The Dutch-born banker was speaking to Bloomberg’s Manus Cranny in Zurich about the Swiss bank’s recent strong second quarter growth and its immediate strategy. He also outlined the bank’s plan for hybrid working.

Two-thirds of the bank’s 73,000 staff will work hybrid roles in some way in the future, confirmed Hamers, adding this would benefit both staff and clients.

“Our clients like it, [they] have also experienced that they don’t always want to come to the office in order to meet our people. They don’t mind online advice,” he said.

“It’s a new way of working. It is here to stay. And I think it is also better in the end for work-life balance.”

When pressed whether these hybrid roles will extend to the traders in its investment bank, Hamers admitted that traders make up part of “the 25% to one-third of the roles for which it is really difficult to work from home.”

Hamers also hinted that the bank was planning to “review” office footprint, but did not provide specifics. He said the bank was experimenting, but ultimately teams would need time to find out what is the best mix between being in the office and working from home.

He won’t however be following HSBC’s Noel Quinn in ditching his personal office.

“For CEOs not to have their own room, I think we’ve done that in the past already so I don’t think that is about saving real estate square metres,” he said.

Speaking more generally about the bank’s performance since he took charge in November 2020, Hamers outlined that America and Asia would be a main focus of growth, and threw cold water on the craze around crypto currency, saying that he has “no FOMO” when he hears of other banks exploring the asset class.

But it’s tougher for traders to WFH

Hamers is the latest senior banker to talk publicly about his organization’s return to work plans, although his approach is more flexible than some of his counterparts.

Goldman Sachs CEO David Solomon, and JP Morgan’s Jamie Dimon have both been vocal about the importance of staff – particularly investment bankers – returning to the office.

Conversations about hybrid work are rarely straightforward, Nick Bloom, William D. Eberle professor of economics at Stanford University and co-director of the Productivity, Innovation and Entrepreneurship program at the National Bureau of Economic Research, told Insider.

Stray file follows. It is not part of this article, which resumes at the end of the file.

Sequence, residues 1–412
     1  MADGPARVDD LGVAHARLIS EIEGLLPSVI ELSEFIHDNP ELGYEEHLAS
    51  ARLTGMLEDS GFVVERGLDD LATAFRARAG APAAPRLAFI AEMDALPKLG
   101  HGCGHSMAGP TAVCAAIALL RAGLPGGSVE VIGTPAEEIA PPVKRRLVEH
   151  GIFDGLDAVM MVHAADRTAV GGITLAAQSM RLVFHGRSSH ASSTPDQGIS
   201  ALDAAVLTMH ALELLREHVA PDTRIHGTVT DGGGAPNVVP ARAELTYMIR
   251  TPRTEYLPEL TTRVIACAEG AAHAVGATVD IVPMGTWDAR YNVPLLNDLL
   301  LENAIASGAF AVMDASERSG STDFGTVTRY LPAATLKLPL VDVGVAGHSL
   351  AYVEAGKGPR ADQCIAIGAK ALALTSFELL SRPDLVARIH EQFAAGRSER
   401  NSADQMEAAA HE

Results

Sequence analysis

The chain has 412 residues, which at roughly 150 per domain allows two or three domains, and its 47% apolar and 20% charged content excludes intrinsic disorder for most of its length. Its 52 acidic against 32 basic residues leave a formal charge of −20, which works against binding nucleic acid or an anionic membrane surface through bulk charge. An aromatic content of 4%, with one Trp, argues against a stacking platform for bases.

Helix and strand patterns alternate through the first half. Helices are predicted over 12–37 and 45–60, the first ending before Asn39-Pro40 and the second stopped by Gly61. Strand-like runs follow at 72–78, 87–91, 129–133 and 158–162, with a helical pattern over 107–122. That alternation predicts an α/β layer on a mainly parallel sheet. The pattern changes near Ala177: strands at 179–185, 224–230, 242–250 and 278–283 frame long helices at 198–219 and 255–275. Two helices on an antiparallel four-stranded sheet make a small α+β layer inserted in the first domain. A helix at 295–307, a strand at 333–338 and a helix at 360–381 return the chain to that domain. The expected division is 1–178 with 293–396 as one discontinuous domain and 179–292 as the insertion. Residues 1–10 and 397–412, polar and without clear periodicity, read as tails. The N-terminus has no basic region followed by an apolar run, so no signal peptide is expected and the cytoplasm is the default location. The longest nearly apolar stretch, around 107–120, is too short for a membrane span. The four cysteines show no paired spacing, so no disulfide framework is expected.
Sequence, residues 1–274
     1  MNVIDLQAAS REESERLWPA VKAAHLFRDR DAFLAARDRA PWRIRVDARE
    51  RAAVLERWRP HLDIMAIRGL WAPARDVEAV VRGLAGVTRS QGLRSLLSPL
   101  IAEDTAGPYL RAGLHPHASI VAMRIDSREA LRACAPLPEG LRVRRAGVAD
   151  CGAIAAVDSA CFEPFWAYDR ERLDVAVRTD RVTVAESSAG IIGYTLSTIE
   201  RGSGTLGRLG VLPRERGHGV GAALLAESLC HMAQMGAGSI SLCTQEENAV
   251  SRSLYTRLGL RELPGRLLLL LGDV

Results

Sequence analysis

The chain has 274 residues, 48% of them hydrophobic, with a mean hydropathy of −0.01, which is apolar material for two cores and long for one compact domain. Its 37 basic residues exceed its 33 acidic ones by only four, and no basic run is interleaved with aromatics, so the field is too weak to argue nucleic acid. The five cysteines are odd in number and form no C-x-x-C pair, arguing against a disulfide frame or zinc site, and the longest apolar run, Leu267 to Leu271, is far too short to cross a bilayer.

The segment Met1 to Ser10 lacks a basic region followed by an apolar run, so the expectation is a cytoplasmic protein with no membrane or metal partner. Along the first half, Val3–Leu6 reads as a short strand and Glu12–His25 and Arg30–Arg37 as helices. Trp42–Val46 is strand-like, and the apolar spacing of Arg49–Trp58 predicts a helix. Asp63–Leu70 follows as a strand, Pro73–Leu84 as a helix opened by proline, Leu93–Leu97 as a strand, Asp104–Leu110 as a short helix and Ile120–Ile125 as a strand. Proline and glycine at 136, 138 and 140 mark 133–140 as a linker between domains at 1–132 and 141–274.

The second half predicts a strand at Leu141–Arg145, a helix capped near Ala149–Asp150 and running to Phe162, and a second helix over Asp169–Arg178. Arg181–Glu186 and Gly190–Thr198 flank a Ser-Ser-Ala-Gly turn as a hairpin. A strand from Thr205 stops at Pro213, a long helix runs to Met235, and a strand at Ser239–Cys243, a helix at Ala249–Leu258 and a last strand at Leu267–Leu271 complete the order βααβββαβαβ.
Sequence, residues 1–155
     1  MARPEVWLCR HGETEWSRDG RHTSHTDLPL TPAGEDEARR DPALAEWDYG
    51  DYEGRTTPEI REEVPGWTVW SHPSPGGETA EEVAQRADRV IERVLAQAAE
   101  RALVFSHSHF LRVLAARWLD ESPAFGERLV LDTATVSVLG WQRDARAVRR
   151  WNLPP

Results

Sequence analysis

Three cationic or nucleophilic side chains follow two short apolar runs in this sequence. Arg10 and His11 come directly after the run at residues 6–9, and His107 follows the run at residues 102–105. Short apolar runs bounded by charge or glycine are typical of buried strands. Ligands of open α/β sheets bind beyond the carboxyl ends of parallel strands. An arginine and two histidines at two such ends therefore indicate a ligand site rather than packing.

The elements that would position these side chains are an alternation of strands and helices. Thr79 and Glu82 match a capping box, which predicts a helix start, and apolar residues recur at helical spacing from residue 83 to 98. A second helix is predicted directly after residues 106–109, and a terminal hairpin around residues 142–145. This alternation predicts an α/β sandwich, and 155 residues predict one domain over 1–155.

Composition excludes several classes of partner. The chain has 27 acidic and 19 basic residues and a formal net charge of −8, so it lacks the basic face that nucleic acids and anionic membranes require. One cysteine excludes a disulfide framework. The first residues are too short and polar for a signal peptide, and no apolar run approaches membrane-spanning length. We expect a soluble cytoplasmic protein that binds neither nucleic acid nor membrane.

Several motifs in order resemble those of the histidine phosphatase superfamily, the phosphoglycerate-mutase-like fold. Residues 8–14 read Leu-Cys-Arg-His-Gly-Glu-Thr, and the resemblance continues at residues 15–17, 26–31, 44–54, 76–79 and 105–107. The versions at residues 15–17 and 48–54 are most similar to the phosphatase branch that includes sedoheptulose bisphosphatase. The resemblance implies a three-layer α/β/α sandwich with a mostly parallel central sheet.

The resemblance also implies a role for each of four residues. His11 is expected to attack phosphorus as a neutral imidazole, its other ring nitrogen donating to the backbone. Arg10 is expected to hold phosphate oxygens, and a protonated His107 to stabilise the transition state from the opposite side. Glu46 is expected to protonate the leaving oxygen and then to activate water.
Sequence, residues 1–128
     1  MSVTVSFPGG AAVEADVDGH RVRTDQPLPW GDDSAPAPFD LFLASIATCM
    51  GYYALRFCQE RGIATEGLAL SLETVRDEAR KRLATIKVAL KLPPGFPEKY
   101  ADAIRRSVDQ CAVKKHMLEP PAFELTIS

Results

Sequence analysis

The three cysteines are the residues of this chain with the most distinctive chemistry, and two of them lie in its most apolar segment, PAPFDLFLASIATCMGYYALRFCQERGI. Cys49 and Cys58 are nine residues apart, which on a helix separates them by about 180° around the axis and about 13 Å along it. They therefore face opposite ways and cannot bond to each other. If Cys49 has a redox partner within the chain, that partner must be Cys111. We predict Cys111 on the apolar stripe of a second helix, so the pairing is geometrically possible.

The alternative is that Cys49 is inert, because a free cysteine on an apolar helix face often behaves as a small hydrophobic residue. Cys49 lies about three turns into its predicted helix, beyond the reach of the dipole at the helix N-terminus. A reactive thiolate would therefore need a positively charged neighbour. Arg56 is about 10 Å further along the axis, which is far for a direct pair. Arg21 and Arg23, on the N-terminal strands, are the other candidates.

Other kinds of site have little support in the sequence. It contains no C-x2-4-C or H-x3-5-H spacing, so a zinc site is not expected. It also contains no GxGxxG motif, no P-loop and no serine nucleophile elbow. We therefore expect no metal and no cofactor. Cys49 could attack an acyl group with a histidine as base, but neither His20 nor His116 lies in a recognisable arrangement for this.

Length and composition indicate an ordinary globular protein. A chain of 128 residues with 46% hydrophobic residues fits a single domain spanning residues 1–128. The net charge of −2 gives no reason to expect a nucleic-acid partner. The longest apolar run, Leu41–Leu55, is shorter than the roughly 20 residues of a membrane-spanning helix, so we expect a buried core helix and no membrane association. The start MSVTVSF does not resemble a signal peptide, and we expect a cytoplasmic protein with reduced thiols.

The extent to which a person will be able to organize their time depends on their job role and the needs of the organization.

“It’s extremely expensive capital equipment that can’t be replicated at home,” said Bloom of the banking sector. “It’s also sensitive so it’s no surprise these folks have been told they’re going to come in.”

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Leaders from Paycom and The Kraft Group explain how they use technology to improve the employee experience

Speakers at our Insider event, Transforming HR in the Digital Era
Insider’s Aman Kidwai speaks to Miranda Blaiklock (c) from Kraft, and Holly Faurot from Paycom

  • Employers have a responsibility to hollistically support employees.
  • Executives from Paycom and The Kraft Group shared their thoughts on the role of technology in improving the employee experience.
  • The conversation took place at the Insider event “Transforming HR in the Digital Era” on June 15, 2021.
  • Click here to watch a recording of the event.

Miranda Blaiklock knows HR teams didn’t have a playbook for handling the people and business challenges during the pandemic.

Chief among those challenges is the responsibility to holistically support employees, said Blaiklock who is the director of benefits, compensation, and HR information systems (HRIS) at The Kraft Group.

“The blur between working nine-to-five has really changed in this new model,” Blaiklock said, speaking at an Insider event on Tuesday.

This goal of holistically supporting workers taught HR teams to invest in technology that can help make employee’s lives easier. For example, Blaiklock said the company recently added a tool that allows employees to clock in for work or log PTO from their phones. It works just like consumer technology, she added.

Holly Faurot, chief sales officer at Paycom, noted this trend as well. Over the course of the pandemic, she said “employees had an increased amount of interaction with consumer technology. We were utilizing apps more than ever last year.”

This increased use of technology in their personal life may be changing expectations for the tech they use at work.

“Employees are coming back into the workplace now with that same type of expectation,” Faurot said. “They want to have the same type of experience that they’ve had with Amazon or maybe their local pizza place. That’s something that companies need to realize. There’s a very, very low tolerance of complexity for employees.”